Repetitive arranging, handling, or sorting of objects. It can occur in patients with Parkinson disease who are treated with dopaminergic drugs (such as levodopa), and in patients who abuse methamphetamines.
(pŭn′jĕn-sē) [L. pungens, prick] The quality of being sharp, strong, or bitter, as an odor or taste.
(pŭn′jĕnt) Acrid or sharp, as applied to an odor or taste.
[Reginald Crundall Punnett, Brit. geneticist, 1875–1967.] In genetics, a rectangular grid showing the gametes of each parent and all their possible offspring, thus indicating all-possible outcomes of a genetic cross.
(pū′pă, pū′pē″, pū′pī″) pl. pupae [L. pupa, girl, doll, puppet] The stage in complete metamorphosis of an insect during which a larva transforms into an imago (adult). The pupa does not feed during this stage and appears to be inactive; the internal activity is not visible. SEE: imago (3); larva (1).
(pū′pē″, pū′ pī″) Plural of pupa.
(pū′pĭl) [L. pupilla, little doll (the reflection in the pupil)] The contractile opening at the center of the iris of the eye. It is constricted when exposed to strong light and when the focus is on a near object; is dilated in the dark and when the focus is on a distant object. Average diameter is 4 to 5 mm. The pupils should be equal. SEE: pupilla; illus.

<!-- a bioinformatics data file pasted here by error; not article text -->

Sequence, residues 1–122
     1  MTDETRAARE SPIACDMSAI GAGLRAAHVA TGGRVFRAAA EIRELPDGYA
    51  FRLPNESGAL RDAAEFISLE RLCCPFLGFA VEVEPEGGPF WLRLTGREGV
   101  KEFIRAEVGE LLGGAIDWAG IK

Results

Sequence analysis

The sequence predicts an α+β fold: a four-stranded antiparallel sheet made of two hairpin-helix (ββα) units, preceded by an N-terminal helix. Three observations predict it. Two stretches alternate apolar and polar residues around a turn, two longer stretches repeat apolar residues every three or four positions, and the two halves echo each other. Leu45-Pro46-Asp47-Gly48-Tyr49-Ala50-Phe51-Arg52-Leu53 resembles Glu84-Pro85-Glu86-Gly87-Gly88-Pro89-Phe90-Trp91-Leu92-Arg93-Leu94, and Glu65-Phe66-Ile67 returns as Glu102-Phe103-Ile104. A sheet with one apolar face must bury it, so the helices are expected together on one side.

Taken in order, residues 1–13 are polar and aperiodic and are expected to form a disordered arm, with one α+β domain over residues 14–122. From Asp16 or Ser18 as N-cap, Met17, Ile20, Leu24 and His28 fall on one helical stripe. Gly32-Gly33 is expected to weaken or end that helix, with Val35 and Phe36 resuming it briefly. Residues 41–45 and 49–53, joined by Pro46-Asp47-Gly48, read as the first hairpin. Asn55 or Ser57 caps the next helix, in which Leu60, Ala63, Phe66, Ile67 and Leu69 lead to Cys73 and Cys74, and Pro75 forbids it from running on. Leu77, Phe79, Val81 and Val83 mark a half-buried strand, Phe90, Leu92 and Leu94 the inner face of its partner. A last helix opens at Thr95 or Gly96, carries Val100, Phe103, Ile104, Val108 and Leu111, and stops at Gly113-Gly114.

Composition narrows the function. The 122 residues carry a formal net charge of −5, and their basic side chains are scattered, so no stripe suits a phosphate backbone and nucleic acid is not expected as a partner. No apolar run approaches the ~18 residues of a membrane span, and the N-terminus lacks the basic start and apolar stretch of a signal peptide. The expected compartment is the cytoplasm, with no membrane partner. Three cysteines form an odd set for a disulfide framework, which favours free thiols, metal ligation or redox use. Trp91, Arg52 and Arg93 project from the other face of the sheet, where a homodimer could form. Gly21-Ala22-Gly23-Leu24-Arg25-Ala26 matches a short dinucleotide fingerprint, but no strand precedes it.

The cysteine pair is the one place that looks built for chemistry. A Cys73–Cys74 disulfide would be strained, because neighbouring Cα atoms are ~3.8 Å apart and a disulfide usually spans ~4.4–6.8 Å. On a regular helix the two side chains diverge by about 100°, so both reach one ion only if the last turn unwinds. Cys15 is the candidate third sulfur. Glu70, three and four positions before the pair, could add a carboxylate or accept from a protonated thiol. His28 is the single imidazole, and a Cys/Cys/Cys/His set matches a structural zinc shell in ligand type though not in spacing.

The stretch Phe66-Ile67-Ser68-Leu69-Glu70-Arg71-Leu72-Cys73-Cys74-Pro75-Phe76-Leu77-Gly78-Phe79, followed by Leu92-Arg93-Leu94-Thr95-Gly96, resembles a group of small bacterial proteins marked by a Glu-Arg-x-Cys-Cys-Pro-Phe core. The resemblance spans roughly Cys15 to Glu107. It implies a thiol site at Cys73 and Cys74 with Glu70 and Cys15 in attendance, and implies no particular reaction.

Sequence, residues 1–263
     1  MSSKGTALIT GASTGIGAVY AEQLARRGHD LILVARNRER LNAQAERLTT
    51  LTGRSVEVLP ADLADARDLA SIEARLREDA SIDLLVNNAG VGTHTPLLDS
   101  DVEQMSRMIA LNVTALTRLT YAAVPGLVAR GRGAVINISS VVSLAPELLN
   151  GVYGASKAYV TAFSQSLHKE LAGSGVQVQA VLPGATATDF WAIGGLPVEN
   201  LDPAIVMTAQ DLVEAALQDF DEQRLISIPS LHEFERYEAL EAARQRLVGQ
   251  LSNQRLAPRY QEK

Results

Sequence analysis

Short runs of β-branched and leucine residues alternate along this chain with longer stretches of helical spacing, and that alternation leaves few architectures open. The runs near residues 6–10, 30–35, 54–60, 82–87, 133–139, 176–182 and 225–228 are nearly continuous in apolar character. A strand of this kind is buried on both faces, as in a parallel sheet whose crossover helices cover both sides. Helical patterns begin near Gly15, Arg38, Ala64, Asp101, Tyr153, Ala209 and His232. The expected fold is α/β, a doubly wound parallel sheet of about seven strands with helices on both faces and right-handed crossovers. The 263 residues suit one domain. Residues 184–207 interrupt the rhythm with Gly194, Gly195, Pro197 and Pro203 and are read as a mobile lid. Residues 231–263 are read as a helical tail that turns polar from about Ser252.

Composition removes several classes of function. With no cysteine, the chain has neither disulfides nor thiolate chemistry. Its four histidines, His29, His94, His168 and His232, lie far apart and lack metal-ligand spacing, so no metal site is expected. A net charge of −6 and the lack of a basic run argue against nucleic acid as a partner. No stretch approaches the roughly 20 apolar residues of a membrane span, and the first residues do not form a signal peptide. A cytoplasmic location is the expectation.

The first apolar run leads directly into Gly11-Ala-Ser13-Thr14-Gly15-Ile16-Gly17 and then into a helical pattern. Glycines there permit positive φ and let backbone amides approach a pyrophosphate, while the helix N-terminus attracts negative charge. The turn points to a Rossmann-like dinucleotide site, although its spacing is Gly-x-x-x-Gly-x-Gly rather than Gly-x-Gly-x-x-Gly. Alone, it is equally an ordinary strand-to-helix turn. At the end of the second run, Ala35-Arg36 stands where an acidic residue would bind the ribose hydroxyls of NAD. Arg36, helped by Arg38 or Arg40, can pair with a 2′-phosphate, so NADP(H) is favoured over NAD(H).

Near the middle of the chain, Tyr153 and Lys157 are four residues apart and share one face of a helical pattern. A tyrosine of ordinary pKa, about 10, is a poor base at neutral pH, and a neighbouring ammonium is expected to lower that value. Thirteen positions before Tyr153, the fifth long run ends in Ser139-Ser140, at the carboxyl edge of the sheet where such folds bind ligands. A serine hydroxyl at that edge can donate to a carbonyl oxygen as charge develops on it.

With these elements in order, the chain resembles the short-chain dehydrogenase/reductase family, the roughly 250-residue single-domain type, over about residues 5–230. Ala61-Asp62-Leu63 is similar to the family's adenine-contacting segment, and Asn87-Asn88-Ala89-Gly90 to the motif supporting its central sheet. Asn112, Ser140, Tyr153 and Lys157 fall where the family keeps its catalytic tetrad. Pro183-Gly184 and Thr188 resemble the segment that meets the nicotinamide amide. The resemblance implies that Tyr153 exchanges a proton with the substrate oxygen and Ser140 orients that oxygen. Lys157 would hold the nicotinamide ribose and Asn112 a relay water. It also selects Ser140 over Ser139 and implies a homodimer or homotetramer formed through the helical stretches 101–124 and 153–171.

PUPIL DILATION AND CONSTRICTION
The upper image shows constriction; the lower, dilation.
DIFFERENTIAL DIAGNOSIS: Constriction of the pupil occurs, for example, in bright light and after exposure to drugs such as morphine, pilocarpine, physostigmine, eserine, and other miotics.
Dilation of the pupil is most often observed after treatment with mydriatic drugs (such as atropine, scopolamine, or homatropine), but may also be caused by paralysis of cranial nerve III, intracranial masses or trauma, sympathetic nervous system stimulation, and other pupillary stimuli.
Adie p. SEE: under Adie, William John.
Argyll Robertson p. SEE: Argyll Robertson pupil.
artificial p. A pupil made by iridectomy when the normal pupil is occluded.
bounding p. Rapid dilatation of a pupil, alternating with contraction.
Bumke p. Dilatation of the pupil owing to psychic stimulus.
cat’s-eye p. A pupil that is narrow and slitlike.
cornpicker’s p. Dilated pupils found in agricultural workers who are exposed to dust from jimsonweed. The dust contains stramonium, a mydriatic.
fixed p. A pupil that does not react ...